As the population get older statistics show the risk of developing chronic disease increases dramatically. The big ones to worry about are diabetes, heart disease and various form of cancers. An emerging field of science and research is revealing that controlling the levels of insulin in your body can have many short and long term benefits. Many trainers and athletes believe they are immune from these sorts of health issues, and that exercise will protect them. And it's true that exercise can help improve your metabolism to some degree. But you are much more likely to live a longer, healthier and higher performing life if you reduce carbohydrate and sugar intake which in turn helps keep your insulin levels stable and lower. This simply means reducing foods like bread, pasta, rice and potatoes, and eliminating sugary foods like cakes, biscuits, white flour products, soft drinks, fruit juices, really anything that contains added sugar or refined carbs. If you do eat carbs, aim to get them from vegetables like sweet potato, pumpkin or beans, and fresh fruit.


6. Reduce stress
This is easy to say, but in our modern world, not that easy to do. Intermittent low levels or even medium levels of stress are actually good for, we evolved to handle this type of stimulus. However chronic low, medium or high stress has a very different effect. Chronic stress leads to chronic elevated cortisol levels. Cortisol is a hormone that affect much of your body's physiology. And chronically elevated levels can lead to weight and fat gains, osteoporosis, poor digestion, hormone imbalances, cardiac disease and diabetes. If you feel you suffer from chronic stress, there are a number of things you should consider:

  • Try to identify what is causing your stress, and if you can, remove or modify the cause.
  • Daily exercise is a great stress reliever that helps anyone cope with stress better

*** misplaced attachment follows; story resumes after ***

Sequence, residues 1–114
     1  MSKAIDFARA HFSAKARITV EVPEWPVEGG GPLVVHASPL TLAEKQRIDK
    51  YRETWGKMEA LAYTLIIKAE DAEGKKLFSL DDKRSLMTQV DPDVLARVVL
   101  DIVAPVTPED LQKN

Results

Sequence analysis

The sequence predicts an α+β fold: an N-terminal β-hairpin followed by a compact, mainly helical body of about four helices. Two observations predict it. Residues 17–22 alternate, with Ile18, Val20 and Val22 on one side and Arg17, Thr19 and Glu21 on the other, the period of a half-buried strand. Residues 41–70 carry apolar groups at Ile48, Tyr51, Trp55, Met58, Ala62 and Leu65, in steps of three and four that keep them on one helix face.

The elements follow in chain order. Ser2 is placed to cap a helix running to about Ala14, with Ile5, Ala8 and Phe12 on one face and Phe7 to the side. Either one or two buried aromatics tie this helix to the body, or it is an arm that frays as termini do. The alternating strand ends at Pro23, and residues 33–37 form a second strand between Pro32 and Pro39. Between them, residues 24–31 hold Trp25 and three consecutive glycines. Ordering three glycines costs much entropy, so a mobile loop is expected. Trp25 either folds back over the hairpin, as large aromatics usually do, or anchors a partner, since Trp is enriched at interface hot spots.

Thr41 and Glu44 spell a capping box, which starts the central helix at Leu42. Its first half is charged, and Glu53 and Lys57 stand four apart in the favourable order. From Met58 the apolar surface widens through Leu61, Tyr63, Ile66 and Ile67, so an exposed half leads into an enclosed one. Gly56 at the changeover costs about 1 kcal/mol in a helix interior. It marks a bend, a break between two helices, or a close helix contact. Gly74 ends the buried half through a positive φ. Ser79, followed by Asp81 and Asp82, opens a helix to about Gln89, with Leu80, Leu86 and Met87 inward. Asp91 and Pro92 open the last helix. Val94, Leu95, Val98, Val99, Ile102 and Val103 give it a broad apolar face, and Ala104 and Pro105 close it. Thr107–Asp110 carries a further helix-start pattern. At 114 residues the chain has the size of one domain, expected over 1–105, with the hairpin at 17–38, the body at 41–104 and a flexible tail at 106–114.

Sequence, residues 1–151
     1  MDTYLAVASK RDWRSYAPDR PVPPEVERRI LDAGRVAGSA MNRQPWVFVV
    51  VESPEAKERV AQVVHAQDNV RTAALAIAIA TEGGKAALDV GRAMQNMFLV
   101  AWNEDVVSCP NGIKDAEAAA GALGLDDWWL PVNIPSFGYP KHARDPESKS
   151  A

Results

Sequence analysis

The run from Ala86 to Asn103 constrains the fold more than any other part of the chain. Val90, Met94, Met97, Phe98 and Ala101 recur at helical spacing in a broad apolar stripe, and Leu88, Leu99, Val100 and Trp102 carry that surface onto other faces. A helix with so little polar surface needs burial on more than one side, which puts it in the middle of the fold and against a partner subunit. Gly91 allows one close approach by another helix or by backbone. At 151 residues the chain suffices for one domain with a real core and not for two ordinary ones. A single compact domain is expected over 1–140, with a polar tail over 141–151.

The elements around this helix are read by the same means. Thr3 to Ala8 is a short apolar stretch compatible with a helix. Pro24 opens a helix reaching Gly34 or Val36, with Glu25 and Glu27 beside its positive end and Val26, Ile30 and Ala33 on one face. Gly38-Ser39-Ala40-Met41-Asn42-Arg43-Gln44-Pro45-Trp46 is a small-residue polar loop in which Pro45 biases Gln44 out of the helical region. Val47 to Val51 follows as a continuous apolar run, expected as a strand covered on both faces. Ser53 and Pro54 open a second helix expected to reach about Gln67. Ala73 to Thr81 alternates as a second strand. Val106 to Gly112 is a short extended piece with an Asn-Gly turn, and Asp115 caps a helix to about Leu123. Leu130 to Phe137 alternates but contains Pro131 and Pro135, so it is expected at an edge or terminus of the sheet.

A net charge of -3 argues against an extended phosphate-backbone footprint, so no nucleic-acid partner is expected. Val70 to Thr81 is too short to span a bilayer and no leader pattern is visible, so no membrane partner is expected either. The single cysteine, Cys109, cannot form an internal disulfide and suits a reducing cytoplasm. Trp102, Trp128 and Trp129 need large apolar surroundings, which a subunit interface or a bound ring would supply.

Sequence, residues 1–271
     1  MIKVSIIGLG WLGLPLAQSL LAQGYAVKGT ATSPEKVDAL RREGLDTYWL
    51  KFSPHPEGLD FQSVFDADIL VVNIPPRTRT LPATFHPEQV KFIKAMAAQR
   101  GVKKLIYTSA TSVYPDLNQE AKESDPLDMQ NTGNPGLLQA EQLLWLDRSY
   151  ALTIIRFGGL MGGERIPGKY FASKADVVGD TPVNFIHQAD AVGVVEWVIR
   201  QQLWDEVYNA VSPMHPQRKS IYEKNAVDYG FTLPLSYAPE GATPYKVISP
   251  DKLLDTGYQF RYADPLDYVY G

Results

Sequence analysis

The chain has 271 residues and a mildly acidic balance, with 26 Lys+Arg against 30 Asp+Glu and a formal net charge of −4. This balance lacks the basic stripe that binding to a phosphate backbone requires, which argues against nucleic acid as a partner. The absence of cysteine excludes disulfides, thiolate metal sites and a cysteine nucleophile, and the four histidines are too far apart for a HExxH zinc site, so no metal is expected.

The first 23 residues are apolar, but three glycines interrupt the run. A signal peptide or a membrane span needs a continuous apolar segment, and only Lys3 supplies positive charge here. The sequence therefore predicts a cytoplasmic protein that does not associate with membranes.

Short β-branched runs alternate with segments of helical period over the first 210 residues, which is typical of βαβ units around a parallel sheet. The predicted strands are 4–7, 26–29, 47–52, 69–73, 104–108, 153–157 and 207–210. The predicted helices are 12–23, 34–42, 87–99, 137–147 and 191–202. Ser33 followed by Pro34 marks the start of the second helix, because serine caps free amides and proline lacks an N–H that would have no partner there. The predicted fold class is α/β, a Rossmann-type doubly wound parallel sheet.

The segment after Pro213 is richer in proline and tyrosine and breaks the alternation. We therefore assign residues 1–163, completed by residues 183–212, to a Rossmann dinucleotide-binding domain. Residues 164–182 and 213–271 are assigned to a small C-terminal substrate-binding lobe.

• Consider a daily meditation practise – check: https://www.headspace.com/
  • Avoid junk food and focus on good nutrition to help your body cope optimally
  • Read the next section about Sleep!

7. Get more sleep
We've saved the best until last. Getting enough quality sleep is the number one this you can do to improve your health, happiness, recovery and longevity. Sure, you need to get the other things in your life in balance, but if they are, but your sleep is inadequate, you will always be running below your potential. Proper sleep has a long list of benefits for the older trainer and athlete.
Here are just a few:

  • Most of your recovery, both physically and mentally, occurs when you sleep
  • Much of your hormone excretion and hormone balancing occurs when you sleep
  • Sleep reduces inflammation
  • Sleep improves mental clarity and performance
  • Sleep helps the body balance lean muscle and fat levels
  • Sleep reduces cortisol (stress hormone)
  • Sleep improves mood
  • Studies show adequate sleep increases longevity

So now we've convinced you of sleep's benefits – how much should you get? Well the gold standard is 8 hours per night however some need more and some need less. If you do a lot of exercise chances are you need more sleep to help you fully recover. And if you need an alarm to wake up every morning and you are sound asleep when it goes off, you may not be getting enough sleep. Try going to be a half hour earlier, or even an hour earlier.
To improve your sleep quality follow these tips:

  • Avoid caffeinated beverages later in the day
  • Make sure your bedroom is dark and a comfortable cool temperature
  • Try to avoid looking at computer screens, phone screens, or TV for about 1 – 2 hours before bed as the blue light stimulates the chemicals in your body that keep you awake.
  • Use a blue light blocker on your phone or computer in the evenings.
  • Don't have a big meal too close to bedtime
  • Avoid alcohol close to bed time as it reduces sleep quality